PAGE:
Overall, the FireTV is a fine as a secondary box for a secondary TV in my house. I don’t want this thing as my primary device because the AppleTV is still the more elegant and better device.

  3. “I went to and crunched the numbers on reviews”

    No he didn’t. He went to and copied and pasted the numbers.

    Here’s the flaw with that:

    He’s comparing new ratings to the Fire TV with old ratings to the Apple TV (and others). If he really were to crunch the numbers, he’s compare the last week’s worth of ratings for the Fire TV to the last week’s worth of ratings for others. Yes, that still has inherent flaws (early adopters versus followers), but he wouldn’t be comparing Fire TV in the context of competition versus the Apple TV with no competition.

    I say this as someone who gave the Apple TV a much higher rating over the Fire TV, but my Apple TV rating is very old. Today, with the lack of an SDK, games, voice search and other features, I wouldn’t rate the Apple TV so significantly over the Fire TV.

    Both have their pros and cons. The Apple TV doesn’t have Amazon exclusive content and the Fire TV doesn’t have Apple exclusive content. That’s precisely why I have both. The Fire TV is faster, has an SDK and other features making it “newer”, while having a much worse interface for browsing (much better for search though). And of course the Apple TV has AirPlay.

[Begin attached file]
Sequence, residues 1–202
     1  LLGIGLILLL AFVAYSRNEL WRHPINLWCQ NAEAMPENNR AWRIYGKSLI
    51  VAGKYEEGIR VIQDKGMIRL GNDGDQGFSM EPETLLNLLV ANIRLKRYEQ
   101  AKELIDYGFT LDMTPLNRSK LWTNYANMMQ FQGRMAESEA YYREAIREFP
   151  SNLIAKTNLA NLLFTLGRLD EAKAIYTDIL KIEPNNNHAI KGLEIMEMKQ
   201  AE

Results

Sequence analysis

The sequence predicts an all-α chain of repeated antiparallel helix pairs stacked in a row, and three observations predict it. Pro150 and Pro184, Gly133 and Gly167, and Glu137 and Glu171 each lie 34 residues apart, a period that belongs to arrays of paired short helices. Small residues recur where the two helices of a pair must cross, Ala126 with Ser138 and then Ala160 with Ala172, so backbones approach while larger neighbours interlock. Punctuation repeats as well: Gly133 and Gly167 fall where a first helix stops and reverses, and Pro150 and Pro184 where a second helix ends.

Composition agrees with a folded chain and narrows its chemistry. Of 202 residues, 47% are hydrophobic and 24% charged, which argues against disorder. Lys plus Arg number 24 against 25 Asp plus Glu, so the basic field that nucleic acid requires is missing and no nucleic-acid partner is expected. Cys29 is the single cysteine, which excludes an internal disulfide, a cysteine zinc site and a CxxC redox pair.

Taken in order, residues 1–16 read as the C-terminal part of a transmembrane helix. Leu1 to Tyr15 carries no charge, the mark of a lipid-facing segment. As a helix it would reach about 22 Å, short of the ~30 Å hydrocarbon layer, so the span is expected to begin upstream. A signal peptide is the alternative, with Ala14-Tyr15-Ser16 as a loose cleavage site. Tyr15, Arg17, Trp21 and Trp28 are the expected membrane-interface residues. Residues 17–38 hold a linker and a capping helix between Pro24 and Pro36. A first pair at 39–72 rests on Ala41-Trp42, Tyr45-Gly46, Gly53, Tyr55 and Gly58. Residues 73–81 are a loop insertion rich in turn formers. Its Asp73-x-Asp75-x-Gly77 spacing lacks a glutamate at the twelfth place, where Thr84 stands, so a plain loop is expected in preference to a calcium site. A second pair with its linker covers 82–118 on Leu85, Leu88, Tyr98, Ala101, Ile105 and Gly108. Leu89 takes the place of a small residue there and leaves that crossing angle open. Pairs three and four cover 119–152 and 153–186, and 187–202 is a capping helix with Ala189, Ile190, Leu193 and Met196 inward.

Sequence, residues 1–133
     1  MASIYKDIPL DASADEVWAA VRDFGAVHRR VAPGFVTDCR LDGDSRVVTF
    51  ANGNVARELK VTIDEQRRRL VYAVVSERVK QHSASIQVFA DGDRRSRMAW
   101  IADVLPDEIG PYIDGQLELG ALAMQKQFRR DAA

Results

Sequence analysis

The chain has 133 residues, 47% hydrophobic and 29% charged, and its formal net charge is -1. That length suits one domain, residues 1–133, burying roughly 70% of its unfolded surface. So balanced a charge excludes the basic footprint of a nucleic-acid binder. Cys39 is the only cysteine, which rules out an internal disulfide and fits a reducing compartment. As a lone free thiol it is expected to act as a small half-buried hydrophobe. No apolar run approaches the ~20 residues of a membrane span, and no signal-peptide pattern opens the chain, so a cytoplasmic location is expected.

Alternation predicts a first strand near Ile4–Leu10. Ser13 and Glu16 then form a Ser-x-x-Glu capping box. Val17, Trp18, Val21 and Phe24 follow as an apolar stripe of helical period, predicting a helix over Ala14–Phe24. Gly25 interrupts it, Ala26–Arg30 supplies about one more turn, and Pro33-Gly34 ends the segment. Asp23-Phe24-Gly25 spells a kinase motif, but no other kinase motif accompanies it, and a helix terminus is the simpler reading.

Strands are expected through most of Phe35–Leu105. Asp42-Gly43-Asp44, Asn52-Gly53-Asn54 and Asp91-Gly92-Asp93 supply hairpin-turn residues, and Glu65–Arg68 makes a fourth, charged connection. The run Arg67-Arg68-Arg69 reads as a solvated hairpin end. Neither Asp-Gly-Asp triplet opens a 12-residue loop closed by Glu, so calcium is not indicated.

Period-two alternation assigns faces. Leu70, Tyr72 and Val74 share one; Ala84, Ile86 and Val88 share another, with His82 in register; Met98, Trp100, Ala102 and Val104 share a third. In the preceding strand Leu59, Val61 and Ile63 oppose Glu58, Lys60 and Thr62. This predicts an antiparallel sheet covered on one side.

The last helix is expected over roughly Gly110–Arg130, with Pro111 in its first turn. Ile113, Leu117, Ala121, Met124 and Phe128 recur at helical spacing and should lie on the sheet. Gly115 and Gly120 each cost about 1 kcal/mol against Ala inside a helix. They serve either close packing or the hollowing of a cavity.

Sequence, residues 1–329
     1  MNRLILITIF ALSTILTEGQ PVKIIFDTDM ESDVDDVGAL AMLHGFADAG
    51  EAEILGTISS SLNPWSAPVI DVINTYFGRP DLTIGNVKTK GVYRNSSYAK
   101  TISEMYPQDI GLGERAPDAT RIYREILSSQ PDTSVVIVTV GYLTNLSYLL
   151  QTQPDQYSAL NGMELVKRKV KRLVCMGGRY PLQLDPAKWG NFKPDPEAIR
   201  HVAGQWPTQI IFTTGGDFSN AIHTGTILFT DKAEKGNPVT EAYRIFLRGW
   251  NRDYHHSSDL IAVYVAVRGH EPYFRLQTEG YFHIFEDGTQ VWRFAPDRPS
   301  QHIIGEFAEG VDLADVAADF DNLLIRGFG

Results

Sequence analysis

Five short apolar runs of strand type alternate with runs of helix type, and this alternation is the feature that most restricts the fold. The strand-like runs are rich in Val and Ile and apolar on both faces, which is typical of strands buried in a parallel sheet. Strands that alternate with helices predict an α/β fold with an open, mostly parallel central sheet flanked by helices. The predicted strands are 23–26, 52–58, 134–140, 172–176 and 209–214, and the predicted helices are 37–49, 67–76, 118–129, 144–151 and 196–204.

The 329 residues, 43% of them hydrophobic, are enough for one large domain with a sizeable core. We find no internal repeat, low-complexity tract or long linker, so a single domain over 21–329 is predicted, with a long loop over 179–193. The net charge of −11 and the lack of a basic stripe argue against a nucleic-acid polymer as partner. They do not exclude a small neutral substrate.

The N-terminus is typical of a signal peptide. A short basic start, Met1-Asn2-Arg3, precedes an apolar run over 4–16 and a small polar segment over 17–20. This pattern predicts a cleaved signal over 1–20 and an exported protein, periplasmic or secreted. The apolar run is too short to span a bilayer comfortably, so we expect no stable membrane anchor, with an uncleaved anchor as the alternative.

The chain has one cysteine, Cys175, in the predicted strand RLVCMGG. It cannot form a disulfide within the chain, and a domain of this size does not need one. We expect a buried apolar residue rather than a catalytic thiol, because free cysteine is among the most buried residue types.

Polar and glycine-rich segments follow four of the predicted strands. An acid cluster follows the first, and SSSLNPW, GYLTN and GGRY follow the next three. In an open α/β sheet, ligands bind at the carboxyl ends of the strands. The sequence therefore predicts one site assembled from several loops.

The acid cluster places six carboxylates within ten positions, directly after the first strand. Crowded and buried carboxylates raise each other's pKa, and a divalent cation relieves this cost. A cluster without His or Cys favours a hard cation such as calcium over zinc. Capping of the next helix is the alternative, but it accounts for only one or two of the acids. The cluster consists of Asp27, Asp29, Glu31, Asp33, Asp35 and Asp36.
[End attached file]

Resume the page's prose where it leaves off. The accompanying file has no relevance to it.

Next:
The Fire TV may, or may not improve radically with firmware updates (especially in browsing), as well as hardware updates (like an infrared port or dongle). However, the Apple TV seems likely to be updated with an SDK and other improvements really soon.

    TL;DR: what the author of this article did is like comparing a computer from a couple of years ago to one today. You can’t compare the ratings the old computer got years ago to the ones the newer one did, you need to compare the old computer directly to the new one as they both exist today.

    BTW: To avoid the usual idiotic replies I get when I’m pointing something like this out… I’m not a fan of Android or fan of Samsung (yes, that’s how you spell it). I have 4 Apple TVs in my house alone, and others I’ve giving to friends and family. It remains a great product, and I’m expecting Apple will leapfrog Amazon as soon as WWDC.